Unfair competitors or just reckless hackers can limit the access to your website significantly by using a network of infected computers to simulate the number of requests the server is not able to process. That’s the DDoS meaning. To avoid this, the website architecture should be designed for high loads.
Bruteforce is an attempt to hack your site or its parts through mechanical search for the correct “login–password” combination. The analysis of authentication errors and blocking of suspicious users by their IP numbers helps repelling the bruteforce.
IDOR (Insecure Direct Object Reference)
This is a separate type of bruteforce targeting the URL addresses of pages, files, and directories, as well as specific user profiles and correspondence. When inventing passwords be free to use letters in different registers, figures, and symbols and set limits for sign-on attempts by time or by IP addresses.
XSS (Cross Site Scripting)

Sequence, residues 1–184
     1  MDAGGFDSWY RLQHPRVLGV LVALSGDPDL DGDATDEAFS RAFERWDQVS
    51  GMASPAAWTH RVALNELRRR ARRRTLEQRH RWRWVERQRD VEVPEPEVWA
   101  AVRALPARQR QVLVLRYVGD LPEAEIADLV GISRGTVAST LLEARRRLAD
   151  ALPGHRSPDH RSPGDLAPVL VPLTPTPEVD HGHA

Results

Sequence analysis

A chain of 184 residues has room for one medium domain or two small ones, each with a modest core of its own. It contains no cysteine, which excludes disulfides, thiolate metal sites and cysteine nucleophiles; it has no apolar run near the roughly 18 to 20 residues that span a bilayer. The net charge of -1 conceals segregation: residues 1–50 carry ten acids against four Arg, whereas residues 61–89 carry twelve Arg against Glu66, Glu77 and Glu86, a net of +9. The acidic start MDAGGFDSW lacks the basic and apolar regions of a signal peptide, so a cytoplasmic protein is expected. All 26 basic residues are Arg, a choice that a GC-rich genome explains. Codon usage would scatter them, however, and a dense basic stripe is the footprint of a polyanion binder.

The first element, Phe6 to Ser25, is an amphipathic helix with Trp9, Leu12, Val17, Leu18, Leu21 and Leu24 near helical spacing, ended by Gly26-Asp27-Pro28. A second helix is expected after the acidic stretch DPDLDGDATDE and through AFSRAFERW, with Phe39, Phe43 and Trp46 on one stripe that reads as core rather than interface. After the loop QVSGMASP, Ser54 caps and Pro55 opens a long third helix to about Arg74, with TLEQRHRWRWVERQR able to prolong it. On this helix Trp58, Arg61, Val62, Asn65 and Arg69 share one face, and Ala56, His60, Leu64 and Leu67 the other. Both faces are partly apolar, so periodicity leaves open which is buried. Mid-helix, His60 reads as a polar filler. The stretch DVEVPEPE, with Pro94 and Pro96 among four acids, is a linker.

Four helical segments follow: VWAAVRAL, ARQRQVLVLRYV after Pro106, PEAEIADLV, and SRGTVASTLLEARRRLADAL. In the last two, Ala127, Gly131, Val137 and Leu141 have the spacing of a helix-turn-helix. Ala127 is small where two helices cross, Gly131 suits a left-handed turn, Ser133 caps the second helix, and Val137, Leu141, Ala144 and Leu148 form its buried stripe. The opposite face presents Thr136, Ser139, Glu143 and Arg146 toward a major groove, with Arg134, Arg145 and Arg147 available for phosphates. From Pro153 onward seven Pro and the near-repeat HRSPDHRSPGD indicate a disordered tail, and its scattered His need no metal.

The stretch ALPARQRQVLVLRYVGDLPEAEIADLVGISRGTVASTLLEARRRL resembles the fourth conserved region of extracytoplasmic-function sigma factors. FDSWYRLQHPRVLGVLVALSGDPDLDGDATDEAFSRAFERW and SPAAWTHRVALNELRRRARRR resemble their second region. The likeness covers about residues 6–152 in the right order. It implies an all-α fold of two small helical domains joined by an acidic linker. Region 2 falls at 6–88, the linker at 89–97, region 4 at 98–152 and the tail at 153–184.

XSS is gaining access by embedding malicious scripts through the dynamic site elements (e.g. messaging fields on forums). XSS attack can be prevented by filtration of HTML symbols or their replacement with equivalents so that the field would not treat the entered text as executable code.
SQL injection is changing GET requests, POST requests, and cookies to access an SQL database. Close attention to requests and symbol filtration will help to prevent the attack.
Some threatening statistics:
- In 2020, companies collectively paid $350M to cyber criminals (Chainalysis);
- Over 2021, the number of cyber attacks grew by 40% (Check Point);
- Per 61 companies there is one attacked by hackers on a weekly basis (Check Point).
There are lots of stories telling you that it’s enough to make an order button a little bigger and move it a little bit sideways to increase sales. Technologies are evolving, users change their habits and behavior, the world in general changes, as well as the ways to live in this world — these are the changes your website has to follow. Keep track of trends, check the analytics, and make conclusions about the website issues and development. We hope our post will help you with this.